Of course, aside from all of this battling, the real draw of a Zelda game is the exciting, engaging puzzles that give you a real feeling of accomplishments upon completion, and for the most part Phantom Hourglass delivers in this area. When you first get your hands on the boomerang it servers as a great introduction to how the touch screen can alter old familiar puzzles, letting you draw a line to a hidden switch waiting to be boomeranged to open up a new path. It’s not all just touch screen though, as the mic is also used to in places, such as calling out to a trapped person in a room, or blowing out fire. All in all most of the puzzles are well though out, and most importantly exciting to solve. One little niggle would have to be that the game at times tries to offer you too much help, not letting you find the solutions to puzzles yourself, but it should be noted it never seems overdone, well not for me at least.
There are a few more problems on show though. Firstly the sailing. Even though it is a step up from Wind Waker it still has sections that feel far too long. Also, just like Wind Waker, the sailing is once again bordering on being overused to artificially extend the life of the game, which is a bit disappointing. However, it is still a huge step up from what was on show in the games predecessor, letting you upgrade your ship parts, add a cannon, a crane, and using the touch screen to plan and chart directions, all of which are nice inclusions. Thankfully the dungeons, of which they are six, are all relatively well thought out with all the main ones offering different challenges from the last to keep things exciting. Unfortunately, the game’s other dungeon, a recurring one, the Temple of the Ocean King, is less impressive. The main point of contention here is because you have to revisit it on several occasions throughout the game, returning multiple times as you get access to more items. Each time you have to work through the previous section you passed the last time before taking on a new section under a strict time frame as the Phantom Hourglass timer counts down. Interestingly, these timed section are probably the biggest change the Zelda series has seen in years, and are also the most unwelcome additions to the game. So, maybe it seems Nintendo are right to always try and keep things familiar.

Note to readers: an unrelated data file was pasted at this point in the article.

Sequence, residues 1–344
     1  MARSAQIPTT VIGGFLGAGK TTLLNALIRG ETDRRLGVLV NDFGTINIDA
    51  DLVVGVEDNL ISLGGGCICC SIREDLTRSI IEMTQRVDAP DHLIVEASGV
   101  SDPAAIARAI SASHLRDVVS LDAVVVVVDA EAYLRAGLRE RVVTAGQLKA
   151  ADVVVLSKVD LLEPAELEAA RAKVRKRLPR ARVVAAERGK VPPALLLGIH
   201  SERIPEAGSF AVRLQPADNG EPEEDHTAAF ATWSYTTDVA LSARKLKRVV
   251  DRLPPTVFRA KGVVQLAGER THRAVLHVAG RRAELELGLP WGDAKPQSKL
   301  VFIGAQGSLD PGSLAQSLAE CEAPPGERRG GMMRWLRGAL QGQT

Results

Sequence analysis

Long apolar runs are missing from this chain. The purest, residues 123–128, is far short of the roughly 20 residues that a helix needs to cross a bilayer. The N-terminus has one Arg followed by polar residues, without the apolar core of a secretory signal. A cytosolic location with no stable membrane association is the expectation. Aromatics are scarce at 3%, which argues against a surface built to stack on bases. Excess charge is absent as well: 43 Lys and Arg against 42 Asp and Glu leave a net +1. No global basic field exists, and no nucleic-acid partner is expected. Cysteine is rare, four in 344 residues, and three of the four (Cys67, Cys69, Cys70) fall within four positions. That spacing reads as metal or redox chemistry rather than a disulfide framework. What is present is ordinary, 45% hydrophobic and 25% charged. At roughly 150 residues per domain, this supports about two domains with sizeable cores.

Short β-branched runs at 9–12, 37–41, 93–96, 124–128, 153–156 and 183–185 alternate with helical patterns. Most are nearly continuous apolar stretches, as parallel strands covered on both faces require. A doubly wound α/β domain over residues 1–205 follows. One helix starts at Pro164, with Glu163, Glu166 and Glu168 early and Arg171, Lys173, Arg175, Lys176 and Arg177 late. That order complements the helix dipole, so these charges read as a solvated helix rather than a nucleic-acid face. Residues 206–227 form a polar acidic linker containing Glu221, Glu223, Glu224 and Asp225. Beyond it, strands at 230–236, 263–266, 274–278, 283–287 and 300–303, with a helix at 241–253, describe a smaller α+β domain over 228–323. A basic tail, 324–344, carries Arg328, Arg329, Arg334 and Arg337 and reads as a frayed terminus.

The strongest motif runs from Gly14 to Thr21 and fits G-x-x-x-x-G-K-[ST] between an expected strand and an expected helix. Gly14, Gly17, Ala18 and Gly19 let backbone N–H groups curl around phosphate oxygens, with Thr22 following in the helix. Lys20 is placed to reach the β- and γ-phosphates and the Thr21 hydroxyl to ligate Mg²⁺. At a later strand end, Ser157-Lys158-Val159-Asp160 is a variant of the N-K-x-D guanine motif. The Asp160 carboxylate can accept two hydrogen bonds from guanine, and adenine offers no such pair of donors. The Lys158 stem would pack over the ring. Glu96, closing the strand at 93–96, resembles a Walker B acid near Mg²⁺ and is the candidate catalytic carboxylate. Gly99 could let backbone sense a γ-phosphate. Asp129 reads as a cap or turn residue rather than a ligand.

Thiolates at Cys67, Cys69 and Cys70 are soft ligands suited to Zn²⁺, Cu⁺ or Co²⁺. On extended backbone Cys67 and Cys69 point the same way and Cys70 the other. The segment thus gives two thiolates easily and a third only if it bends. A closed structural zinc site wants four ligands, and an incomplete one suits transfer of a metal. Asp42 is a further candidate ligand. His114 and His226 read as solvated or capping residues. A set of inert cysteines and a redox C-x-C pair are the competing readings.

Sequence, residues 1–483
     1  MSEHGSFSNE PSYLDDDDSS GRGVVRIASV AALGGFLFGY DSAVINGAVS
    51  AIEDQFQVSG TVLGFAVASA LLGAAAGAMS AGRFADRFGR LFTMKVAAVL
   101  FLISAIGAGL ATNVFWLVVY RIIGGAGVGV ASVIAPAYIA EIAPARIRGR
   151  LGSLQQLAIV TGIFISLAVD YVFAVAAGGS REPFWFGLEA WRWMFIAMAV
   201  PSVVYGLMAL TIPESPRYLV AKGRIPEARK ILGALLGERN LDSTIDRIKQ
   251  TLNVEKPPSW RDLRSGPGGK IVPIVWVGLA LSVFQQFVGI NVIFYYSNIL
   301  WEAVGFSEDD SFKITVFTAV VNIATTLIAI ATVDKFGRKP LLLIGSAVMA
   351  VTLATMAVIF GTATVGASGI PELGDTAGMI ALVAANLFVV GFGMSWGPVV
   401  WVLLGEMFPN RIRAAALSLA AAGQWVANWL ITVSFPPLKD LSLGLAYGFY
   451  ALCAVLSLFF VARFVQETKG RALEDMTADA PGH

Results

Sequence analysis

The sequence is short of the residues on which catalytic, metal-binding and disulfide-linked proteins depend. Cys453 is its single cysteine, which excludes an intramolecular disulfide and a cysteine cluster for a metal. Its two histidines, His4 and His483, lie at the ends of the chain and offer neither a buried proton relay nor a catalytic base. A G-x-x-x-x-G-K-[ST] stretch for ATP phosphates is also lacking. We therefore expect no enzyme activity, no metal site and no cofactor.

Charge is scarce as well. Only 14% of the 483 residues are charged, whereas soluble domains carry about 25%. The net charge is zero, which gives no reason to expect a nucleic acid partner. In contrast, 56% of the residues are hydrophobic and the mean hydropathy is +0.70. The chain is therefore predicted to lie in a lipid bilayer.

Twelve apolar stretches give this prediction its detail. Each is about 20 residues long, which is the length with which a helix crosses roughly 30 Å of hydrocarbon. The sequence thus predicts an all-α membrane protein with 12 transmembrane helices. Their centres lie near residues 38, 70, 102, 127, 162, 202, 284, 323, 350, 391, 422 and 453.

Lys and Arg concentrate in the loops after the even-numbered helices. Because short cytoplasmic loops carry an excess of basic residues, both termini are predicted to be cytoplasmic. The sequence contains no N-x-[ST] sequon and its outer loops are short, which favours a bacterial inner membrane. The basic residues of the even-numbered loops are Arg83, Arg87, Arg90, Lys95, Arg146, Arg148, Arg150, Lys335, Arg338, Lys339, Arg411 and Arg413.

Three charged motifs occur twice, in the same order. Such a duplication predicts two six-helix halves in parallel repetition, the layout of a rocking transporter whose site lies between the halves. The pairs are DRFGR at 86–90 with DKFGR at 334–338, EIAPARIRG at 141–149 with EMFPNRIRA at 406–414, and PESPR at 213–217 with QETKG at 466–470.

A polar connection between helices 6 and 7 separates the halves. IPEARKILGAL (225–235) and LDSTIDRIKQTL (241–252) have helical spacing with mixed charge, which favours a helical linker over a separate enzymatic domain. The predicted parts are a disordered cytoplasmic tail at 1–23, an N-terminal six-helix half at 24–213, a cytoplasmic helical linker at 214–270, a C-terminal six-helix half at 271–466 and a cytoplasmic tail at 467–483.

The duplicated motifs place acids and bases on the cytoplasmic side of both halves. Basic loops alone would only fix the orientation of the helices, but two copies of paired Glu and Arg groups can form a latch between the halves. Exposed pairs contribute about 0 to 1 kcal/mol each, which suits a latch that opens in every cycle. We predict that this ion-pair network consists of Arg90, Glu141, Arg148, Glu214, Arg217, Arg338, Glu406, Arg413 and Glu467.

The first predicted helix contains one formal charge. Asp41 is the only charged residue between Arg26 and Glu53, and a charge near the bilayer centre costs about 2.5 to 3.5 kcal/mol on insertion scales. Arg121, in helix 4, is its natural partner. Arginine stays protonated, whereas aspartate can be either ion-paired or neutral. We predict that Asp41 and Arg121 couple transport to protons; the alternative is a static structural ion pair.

With the likes of Pokemon and New Super Mario Bros relying on d-pad and button controls, some could argue that Nintendo are seemingly afraid to introduces too many of the DS’ abilities into its long running franchises. Nevertheless, it is great to see one of Nintendo’s big names finally embrace all of the features of the DS. All in all, while Phantom Hourglass may not be the best effort the series has spawned it is still a quality effort. Sure, it has its problems, but there is enough to love in the things it does right to make it a worthwhile addition to you DS collection, albeit not the top of the pile like some expected it to be.
A step above most other adventure games available.